Challenges and opportunities for conducting pre-hospital trauma trials: a behavioural investigation

Louisa Lawrie* (Corresponding Author), Eilidh M Duncan, Robert Lendrum, Victoria Lebrec, Katie Gillies

*Corresponding author for this work

Research output: Contribution to journalArticlepeer-review

1 Citation (Scopus)
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BACKGROUND: Trials in pre-hospital trauma care are relatively uncommon. There are logistical and methodological challenges related to designing and delivering trials in this setting. Previous studies have assessed challenges reported in individual trials rather than across the pre-hospital trial landscape to identify over-arching factors. The aim of this study was to investigate the challenges and opportunities related to the set-up, design and conduct of pre-hospital trauma trials from across the pre-hospital trial landscape and a specific pre-hospital trauma feasibility study.

METHODS: Semi-structured interviews were conducted with two cohorts of participants: research personnel who had experience of pre-hospital trials, either through direct involvement in conduct or through strategic oversight of national initiatives (n = 7), and clinical staff (n = 16) involved in recruitment to a pre-hospital trauma feasibility study. Thematic analyses were used to assess the barriers and enablers of conducting pre-hospital trauma trials. Two frameworks (The Capability Opportunity Motivation-Behaviour and the Theoretical Domains Framework) were used to guide analyses.

RESULTS: The barriers and enablers reported were relevant to several TDF domains and COM-B components. Across both cohorts, challenges associated with opportunities were reported and included the lack of research experience amongst pre-hospital staff, team dynamics within a rotating shift schedule, and the involvement of external organisations with diverse institutional priorities and infrastructures (e.g. Air Ambulances). The infrequency of eligible cases was also reported to affect the trial design, set-up, and conduct. Other barriers reported related to clinical equipoise amongst staff and institutional pressures, which affected motivation.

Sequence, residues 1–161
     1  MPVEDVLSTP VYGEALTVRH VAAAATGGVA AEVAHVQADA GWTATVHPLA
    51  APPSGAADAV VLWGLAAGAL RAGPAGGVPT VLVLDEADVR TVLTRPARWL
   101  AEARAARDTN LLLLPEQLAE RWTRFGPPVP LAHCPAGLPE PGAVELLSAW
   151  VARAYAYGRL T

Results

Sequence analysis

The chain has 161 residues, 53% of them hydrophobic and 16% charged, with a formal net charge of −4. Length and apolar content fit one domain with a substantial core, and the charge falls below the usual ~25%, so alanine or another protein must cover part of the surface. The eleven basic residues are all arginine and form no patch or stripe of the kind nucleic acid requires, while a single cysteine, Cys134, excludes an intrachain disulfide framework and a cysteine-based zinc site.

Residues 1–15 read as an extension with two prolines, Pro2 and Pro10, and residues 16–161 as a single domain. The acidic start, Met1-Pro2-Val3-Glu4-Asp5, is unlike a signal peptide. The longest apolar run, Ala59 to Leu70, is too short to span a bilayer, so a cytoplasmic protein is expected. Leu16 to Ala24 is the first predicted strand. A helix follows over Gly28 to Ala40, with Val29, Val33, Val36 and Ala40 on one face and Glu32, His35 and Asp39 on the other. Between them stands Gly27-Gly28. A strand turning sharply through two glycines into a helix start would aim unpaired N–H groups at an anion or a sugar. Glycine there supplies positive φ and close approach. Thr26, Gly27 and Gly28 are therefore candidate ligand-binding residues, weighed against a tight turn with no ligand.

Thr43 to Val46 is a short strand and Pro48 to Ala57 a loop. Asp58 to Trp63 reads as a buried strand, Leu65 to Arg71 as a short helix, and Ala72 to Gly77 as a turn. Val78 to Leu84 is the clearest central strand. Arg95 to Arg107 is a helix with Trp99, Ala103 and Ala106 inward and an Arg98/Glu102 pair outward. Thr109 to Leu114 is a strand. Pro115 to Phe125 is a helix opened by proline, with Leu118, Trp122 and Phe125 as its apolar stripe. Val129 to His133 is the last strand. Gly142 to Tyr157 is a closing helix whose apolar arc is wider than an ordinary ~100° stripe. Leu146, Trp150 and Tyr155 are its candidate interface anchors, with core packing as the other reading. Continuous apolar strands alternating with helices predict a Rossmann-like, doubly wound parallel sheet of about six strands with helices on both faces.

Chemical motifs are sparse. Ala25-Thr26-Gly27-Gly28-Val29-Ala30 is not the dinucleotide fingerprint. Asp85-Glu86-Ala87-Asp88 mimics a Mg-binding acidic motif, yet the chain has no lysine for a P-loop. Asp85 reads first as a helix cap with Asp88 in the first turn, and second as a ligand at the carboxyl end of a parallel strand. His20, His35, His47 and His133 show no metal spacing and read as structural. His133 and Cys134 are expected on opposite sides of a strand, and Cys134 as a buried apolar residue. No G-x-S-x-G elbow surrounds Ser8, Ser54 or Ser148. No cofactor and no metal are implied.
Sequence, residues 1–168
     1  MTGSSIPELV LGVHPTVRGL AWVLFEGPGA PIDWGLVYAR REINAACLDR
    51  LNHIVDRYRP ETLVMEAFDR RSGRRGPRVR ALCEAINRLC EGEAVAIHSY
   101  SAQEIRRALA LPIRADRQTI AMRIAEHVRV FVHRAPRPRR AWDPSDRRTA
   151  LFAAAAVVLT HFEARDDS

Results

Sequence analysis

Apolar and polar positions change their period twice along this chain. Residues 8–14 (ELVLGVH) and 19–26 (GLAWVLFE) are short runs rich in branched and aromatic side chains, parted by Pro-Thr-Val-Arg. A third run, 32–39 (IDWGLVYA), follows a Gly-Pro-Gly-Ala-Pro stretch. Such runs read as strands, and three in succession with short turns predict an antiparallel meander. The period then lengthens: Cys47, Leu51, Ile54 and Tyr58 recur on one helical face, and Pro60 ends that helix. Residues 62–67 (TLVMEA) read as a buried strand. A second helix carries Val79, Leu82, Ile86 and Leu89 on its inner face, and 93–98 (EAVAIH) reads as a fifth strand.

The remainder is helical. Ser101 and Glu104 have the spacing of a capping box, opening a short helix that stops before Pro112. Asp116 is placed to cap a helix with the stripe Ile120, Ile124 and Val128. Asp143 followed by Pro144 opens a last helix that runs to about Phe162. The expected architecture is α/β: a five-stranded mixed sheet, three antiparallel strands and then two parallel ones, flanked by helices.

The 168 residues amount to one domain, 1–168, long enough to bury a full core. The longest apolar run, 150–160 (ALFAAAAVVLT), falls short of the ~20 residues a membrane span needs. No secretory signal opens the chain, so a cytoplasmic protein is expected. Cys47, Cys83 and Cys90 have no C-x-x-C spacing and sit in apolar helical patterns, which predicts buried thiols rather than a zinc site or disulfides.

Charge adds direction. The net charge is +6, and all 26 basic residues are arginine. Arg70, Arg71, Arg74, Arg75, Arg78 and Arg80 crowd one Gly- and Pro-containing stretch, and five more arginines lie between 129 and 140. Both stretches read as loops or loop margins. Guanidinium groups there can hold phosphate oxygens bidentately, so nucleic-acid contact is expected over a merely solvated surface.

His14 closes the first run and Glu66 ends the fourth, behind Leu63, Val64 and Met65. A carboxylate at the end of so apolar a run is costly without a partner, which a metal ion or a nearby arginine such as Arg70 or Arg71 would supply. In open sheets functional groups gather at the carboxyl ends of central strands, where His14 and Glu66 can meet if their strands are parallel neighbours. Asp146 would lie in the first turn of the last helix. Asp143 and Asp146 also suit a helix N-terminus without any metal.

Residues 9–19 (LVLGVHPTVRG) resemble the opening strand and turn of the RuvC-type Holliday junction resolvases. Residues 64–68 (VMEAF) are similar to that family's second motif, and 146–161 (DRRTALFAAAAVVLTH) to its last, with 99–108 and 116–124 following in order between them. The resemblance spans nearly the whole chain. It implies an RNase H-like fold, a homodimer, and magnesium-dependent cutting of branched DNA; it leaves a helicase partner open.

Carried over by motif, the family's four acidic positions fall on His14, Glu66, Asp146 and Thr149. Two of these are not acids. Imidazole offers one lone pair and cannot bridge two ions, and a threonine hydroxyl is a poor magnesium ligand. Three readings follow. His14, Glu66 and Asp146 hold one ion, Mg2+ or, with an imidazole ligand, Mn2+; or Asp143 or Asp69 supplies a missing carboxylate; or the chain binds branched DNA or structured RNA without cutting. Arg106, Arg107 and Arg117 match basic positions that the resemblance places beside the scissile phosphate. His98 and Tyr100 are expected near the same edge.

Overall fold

CONCLUSIONS: This study has highlighted that pre-hospital trials face many context-specific but also generic challenges. Pre-hospital trauma trial teams could consider the findings to develop targeted, behaviourally focused, solutions to the challenges identified in order to enhance the set-up and conduct of trials in this setting.

TRIAL REGISTRATION: NCT04145271. Trial registration date: October 30, 2019. Note that this paper does not report results from a specific trial but does include participants who were involved in the conduct of a registered pre-hospital feasibility study.

Original languageEnglish
Article number157
Number of pages11
Issue number1
Early online date2 Mar 2023
Publication statusPublished - 2 Mar 2023

Bibliographical note

We would like to thank the participants for dedicating their time to be interviewed. We extend our thanks to Claire Cochran for facilitating recruitment.

LL was supported by a Wellcome Trust Institutional Strategic Support Fund award (reference RG13793-49). The Health Services Research Unit, Institute of Applied Health Sciences (University of Aberdeen), is core-funded by the Chief Scientist Office of the Scottish Government Health and Social Care Directorates. The funders had no involvement in the study design, collection, analysis, and interpretation of data, reporting, or the decision to publish.


  • Trials methodology
  • Feasibility
  • Behavioural Science
  • pre-hospital


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